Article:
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MarkusH82

Speeding up a game question

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Hi,

 

I am currently developing a simple Tower Defense game and would like to implement the functionality for the player to speed up the game.

 

First, I was thinking it is easy to solve by speeding up the the enemies and towers, but a simple equation showed me it is not that easy.

 

For example my enemy is standing at x=0m its speed is 10m/s and the time per frame is 1s (to make the calculation easier).

 

So after one frame my enemy is at x=10m   (pos = speed * time)

 

To double the game speed I would double the enemy speed, and would get the enemy position at x=20m after one frame.

 

Now, if I have a tower at x=10m with a range of 5m in both directions, then the enemy in normal speed would be in range. The enemy with double speed would not be in range. So, this shows me that just increasing the speed is not the solution for a time based game.

 

Does anybody has experience with that and could help me?

 

Best regards,

 

Markus

Edited by MarkusH82

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I was also thinking about making the game framerate based, but is there not also a solution for time based games? Is a fixed timestep not a problem if one computer runs faster then another?

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I was also thinking about making the game framerate based, but is there not also a solution for time based games?

 

not a good one since it won't be deterministic. you can multiply the elapsed time by x to speed everything up but it will change the simulation. (Fixed timestep does not mean that the framerate is fixed, only that you update the game state at a fixed rate)

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The solution to this varies greatly depending on your implementation details. If you're using a grid, you can just force units through every square/hex of the grid even if they're moving 2 squares in one unit of time. This assumes you trigger from that in some way, shape, or form. If you're using geometric shapes and effectively no grid, you'd check for intersection between the line segment of the unit's movement and range of the tower. How long the tower fires (how much damage it does) needs to be calculated, but your existing code for that should require minimal changes to handle whatever solution you choose.

 

I have to ask, are you really writing a tower defense game where units move so fast that they pass an entire tower's range within 1 frame (~16ms at 60fps)? I cannot fathom a game where I'm expected to see action that fast. Usually, you cap the speedup a player can use well, well, well below that point.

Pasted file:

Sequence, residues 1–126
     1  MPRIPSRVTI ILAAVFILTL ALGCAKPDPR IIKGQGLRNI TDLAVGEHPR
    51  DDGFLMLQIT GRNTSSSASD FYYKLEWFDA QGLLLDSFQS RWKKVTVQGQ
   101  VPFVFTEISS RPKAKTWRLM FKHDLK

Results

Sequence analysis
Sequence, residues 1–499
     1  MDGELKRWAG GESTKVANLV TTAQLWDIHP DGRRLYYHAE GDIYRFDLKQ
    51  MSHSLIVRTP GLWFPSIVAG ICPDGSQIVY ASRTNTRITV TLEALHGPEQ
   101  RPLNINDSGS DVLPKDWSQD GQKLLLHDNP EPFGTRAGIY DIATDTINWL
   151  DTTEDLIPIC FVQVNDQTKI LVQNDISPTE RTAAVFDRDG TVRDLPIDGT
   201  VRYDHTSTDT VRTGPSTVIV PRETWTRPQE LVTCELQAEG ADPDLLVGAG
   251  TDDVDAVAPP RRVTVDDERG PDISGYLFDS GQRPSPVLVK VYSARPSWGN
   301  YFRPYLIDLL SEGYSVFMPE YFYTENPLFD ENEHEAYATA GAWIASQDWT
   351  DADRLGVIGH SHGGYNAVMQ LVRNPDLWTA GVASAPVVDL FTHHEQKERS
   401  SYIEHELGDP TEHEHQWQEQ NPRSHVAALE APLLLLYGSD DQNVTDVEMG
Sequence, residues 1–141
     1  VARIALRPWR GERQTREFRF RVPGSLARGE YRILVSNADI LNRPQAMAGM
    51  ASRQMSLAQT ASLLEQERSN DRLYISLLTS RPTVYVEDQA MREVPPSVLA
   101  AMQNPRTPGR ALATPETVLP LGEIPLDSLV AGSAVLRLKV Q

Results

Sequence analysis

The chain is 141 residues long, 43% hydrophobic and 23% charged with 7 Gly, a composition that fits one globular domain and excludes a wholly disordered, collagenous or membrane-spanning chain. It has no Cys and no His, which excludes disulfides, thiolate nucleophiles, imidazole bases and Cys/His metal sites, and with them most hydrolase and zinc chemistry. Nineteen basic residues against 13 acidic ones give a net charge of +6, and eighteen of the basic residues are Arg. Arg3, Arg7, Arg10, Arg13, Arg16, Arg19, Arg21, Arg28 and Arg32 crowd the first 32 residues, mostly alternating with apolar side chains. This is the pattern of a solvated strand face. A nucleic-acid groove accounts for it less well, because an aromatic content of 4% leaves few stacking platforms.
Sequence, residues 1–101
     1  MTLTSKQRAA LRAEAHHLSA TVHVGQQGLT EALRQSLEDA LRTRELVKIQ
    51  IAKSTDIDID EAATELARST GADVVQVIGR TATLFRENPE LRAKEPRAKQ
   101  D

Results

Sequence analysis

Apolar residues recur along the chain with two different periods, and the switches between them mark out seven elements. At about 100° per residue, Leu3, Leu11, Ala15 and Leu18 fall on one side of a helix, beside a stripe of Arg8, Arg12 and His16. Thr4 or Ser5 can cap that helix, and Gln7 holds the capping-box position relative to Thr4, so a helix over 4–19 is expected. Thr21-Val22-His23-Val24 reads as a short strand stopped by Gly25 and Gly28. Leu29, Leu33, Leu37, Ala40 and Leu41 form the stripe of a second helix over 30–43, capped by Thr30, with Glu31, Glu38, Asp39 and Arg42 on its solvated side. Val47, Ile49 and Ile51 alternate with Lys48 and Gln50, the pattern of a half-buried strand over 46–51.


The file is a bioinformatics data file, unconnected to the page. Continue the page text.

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@SimonForsman: Thanks for that article, just finished reading it. I will try the last solution with a fixed time step.

 

@richardurich: Of course no enemy will be fast enough to skip a tower range. My calculation was really just an extreme example, but it shows that even if the time per frame is small enough the gameresults can variate with different speed values. This is maybe just a small difference, but I would like to avoid it.

Edited by MarkusH82

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If you could grab the delta time between frames and multiply that by 2, it would give you a 2x speed. I guess it does depend on how your code structure is setup though

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@emcconnell: it's still the same problem. Doubling the delta time is the same effect then doubling the speed.

@Spiro: I don't think I did a poor job in describing my problem. It is simple math. And yes you are wrong. If I double the speed and the enemy skips the tower range within one frame then even doubling the bullet speed doesn't help, if there is no collision.

Anyway, I reached my goal with the article that Simon recommented.

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Anyway, I reached my goal with the article that Simon recommented.

It is impossible to say that I was wrong and that you reached your goal with that article.  These are mutually exclusive statements.

 

If you believe you have reached your goal with that article, you have a fundamental misunderstanding of the problem and the math behind it.  You just confirmed that by stating that doubling enemy speed has anything to do with frame counts.  What does a “frame” mean to a game?  What length of time is that?

16 milliseconds?  2 minutes?  32.3 days?

 

Of course you need a fixed time-step.  That’s true for anything you make.  That link alone is not the answer to your problem in itself.  It’s about how you speed up and slow down the game and how you manipulate the fixed time-step.  Read my reply again until it makes sense.

 

 

L. Spiro

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